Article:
South Africa v England, 2nd Test, Durban, 1st day December 26, 2004

Smith's gamble reaps dividends

South Africa 70 for 3 trail England 139 (Pollock 4-32) by 69 runs
Scorecard and ball-by-ball

Shaun Pollock claims one of four victims: this time, Andrew Flintoff, who fell for a duck as England folded © Getty Images
After being bruised by defeat in the first Test, a battling South Africa came out fighting on Boxing Day at Durban. After winning the toss and fielding, they never let up, blowing England away for 139 and reducing the deficit to 69 for the loss of three wickets by the close.

England's lowest in Tests this year - their previous worst was 226 against West Indies - vindicated Graeme Smith's bold decision to put them in. His fast bowlers performed well, banging in short balls to exploit the pace of the pitch: Ashley Giles, in particular, was a handy punchbag for a battery of body blows before he became a third victim of injudicious hooking.

But none of England's batsmen played with much conviction and the killer blow came ten minutes before lunch when Nicky Boje dismissed Andrew Strauss - England's hero at Port Elizabeth - for 25 with his fourth delivery (53 for 3). And after the break, South Africa carried on where they had left off - picking up the three quick wickets of Graham Thorpe, Andrew Flintoff and Michael Vaughan as they kept England on the ropes.

Simon Jones and Matthew Hoggard put up some late resistance - their ninth-wicket partnership of 26 was England's highest - but the bowlers applied blow after brutal, bloody blow until they finished England off.

And while Smith, Herschelle Gibbs and Jacques Rudolph had all been sent back to the pavilion before the close, South Africa will be more than happy with an honest day's work which was kick-started by Makhaya Ntini's dismissal of Marcus Trescothick for 18. Ntini had initially struggled to find a probing line and it was only when he switched over the wicket to the left-hander Trescothick that he struck, finding the inside edge and AB de Villiers, in his first session as a Test keeper after replacing Thami Tsolekile, changed direction to hold a diving, one-handed catch to his right.

Steve Harmison celebrates as he overtakes Ian Botham's 25-year-old record to become the leading English wicket-taker in a calendar year, with 64 © Getty Images

The unconvincing Mark Butcher, nearly run out early on, then aimed to smack Dale Steyn through the covers off the back foot but only succeeded in dragging the ball into the ground and on to his off stump for 5. But if that gave South Africa the slight advantage, Strauss's dismissal really put them in the driving seat. Strauss had been subdued yet patient, but, just after stroking two good fours, he failed to get over a straight ball from the left-arm spinner Boje, and Ntini took a good low catch at widish mid-off. That really started the rot.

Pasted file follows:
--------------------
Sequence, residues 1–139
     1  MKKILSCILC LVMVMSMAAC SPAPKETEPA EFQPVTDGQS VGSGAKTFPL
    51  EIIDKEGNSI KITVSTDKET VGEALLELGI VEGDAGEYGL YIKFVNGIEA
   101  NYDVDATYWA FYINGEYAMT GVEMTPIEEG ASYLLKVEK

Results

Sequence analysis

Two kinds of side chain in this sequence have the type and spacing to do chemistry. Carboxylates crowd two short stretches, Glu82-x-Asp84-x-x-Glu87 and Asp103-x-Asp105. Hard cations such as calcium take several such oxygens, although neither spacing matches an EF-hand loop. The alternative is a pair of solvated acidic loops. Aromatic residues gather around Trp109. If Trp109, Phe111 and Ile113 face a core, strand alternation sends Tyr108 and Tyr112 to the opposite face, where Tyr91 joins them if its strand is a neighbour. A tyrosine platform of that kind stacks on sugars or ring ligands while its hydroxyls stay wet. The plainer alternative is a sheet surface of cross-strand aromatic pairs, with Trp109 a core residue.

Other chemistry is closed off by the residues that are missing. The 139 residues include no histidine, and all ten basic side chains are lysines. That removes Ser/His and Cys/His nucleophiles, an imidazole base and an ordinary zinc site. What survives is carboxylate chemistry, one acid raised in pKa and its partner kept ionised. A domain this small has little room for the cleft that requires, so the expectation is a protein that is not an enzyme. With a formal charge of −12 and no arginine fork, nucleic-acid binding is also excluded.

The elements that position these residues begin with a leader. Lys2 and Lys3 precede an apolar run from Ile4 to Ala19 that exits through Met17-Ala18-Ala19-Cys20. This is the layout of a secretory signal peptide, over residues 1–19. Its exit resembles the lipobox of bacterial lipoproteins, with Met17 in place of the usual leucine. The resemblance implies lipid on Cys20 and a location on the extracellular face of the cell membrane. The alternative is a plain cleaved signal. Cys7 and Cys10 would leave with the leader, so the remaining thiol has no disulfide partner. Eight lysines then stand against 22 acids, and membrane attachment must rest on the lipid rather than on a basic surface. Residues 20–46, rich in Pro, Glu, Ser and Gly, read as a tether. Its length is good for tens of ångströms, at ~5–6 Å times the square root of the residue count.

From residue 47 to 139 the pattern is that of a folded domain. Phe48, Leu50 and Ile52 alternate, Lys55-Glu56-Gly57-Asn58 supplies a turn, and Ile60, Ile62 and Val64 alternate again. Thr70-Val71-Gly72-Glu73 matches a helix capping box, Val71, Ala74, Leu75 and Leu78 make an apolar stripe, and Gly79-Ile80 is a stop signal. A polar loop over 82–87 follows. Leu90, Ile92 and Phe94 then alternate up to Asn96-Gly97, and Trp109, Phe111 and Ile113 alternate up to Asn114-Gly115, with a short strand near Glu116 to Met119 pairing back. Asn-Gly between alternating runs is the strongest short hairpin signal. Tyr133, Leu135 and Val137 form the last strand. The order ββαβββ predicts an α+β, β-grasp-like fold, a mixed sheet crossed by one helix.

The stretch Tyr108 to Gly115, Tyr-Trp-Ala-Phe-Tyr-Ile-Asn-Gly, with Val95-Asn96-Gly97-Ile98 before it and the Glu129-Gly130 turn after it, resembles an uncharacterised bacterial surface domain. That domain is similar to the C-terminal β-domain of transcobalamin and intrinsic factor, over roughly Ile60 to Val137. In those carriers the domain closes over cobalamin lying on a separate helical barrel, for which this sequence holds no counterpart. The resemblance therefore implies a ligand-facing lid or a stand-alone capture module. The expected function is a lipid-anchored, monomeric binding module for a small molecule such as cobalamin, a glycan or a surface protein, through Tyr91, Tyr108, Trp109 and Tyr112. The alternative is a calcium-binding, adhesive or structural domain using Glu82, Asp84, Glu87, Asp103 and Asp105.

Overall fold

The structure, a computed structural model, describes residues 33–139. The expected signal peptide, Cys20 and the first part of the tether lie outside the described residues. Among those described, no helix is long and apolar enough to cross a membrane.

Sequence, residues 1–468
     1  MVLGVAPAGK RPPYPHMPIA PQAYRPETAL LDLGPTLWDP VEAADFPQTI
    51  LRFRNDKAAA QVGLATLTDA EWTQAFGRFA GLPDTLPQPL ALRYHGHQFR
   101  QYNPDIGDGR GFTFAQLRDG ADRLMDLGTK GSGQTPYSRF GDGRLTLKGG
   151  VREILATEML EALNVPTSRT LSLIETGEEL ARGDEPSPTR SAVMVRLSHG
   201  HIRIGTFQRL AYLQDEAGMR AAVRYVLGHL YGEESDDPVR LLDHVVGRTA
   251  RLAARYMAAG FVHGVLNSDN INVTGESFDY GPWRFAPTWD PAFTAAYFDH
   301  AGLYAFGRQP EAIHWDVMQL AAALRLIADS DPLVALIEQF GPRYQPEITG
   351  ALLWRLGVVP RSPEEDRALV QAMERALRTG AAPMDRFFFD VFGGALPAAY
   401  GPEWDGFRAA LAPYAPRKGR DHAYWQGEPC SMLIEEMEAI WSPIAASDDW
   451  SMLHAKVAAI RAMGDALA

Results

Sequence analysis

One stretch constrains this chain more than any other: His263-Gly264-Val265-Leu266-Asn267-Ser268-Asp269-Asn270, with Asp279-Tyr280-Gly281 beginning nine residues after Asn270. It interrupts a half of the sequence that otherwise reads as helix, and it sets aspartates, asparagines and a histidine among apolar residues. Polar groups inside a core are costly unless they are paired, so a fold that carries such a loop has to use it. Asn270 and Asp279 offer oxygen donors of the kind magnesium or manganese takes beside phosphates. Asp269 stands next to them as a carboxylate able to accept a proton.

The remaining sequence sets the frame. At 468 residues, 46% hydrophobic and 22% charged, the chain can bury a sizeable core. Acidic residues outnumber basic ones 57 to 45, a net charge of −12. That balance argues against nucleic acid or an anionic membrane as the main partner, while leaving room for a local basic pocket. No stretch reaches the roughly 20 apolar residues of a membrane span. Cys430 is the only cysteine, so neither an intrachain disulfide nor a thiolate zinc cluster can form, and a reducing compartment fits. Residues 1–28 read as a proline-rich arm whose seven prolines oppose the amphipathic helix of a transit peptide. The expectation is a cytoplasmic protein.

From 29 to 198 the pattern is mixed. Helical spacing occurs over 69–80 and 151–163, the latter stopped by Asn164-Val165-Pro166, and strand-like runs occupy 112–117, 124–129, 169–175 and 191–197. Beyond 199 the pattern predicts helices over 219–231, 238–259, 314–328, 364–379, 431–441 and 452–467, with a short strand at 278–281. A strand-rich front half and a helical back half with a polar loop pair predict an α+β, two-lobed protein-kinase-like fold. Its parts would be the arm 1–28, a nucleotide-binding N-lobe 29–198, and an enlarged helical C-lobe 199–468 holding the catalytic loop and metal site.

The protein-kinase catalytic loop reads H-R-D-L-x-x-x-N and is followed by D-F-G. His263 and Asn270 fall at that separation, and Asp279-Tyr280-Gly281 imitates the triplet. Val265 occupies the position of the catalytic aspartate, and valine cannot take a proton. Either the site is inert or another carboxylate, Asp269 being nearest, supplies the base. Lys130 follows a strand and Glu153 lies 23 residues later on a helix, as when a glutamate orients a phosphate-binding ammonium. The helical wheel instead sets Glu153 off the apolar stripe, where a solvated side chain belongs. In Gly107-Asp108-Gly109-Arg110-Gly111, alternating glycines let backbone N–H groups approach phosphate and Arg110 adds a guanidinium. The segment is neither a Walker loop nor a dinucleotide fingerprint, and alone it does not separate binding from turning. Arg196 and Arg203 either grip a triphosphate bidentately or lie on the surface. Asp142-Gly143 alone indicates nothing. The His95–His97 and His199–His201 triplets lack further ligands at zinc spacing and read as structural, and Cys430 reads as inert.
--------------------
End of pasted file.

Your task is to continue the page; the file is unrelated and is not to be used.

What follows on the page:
Shaun Pollock then struck twice in his first two overs after the break: an inswinger trapped Thorpe in front for 1, then Flintoff departed without scoring, as he mis-hooked a straight bouncer which lobbed to Hashim Amla at short leg (64 for 5). Ntini then waded in with the sucker punch - a straight, well-pitched one which trapped Vaughan leg-before for 18. At 80 for 6, England were reeling.

Geraint Jones showed signs of fighting spirit, opening his account with a hooked six off Pollock, and he added several streaky edged boundaries before he perished attempting a hook too many off Ntini. A defiant Simon Jones thumped Pollock for two fours and a glorious straight six in five balls before he fell, dragging one on to his stumps. Pollock then bowled his fourth victim, Steve Harmison, to complete England's batting misery.

But England's bowlers gained the immediate breakthrough they desperately required: Smith fell for 9 as South Africa stumbled to 17 for 1. Harmison and Matthew Hoggard responded to the working-over England had received with some fiery pace of their own. Harmison clattered Smith on the upper arm before he offered an outside edge to Flintoff at second slip.

Harmison then set about tucking up Rudolph, while at the other end Hoggard was busy keeping the usually aggressive Gibbs quiet - he managed one four, a crashing cover-drive, but was mainly in defensive mode. Hoggard eventually got his man. On 15, Gibbs misjudged one which nipped back to hit off stump (48 for 2).

Harmison made history with the last ball of the day: in removing Rudolph he brought up his 64th Test wicket of this calendar year, a record for an English bowler - Ian Botham had held the honour for 25 years. Rudolph fell steering a bouncer to Thorpe at short leg after a breezy 32, but there was no doubt as to which team had the upper hand on the first day. England will need to muster all their bowling acumen and strength on the second day against South Africa's reinforced batting line-up.

Jenny Thompson is assistant editor of Cricinfo.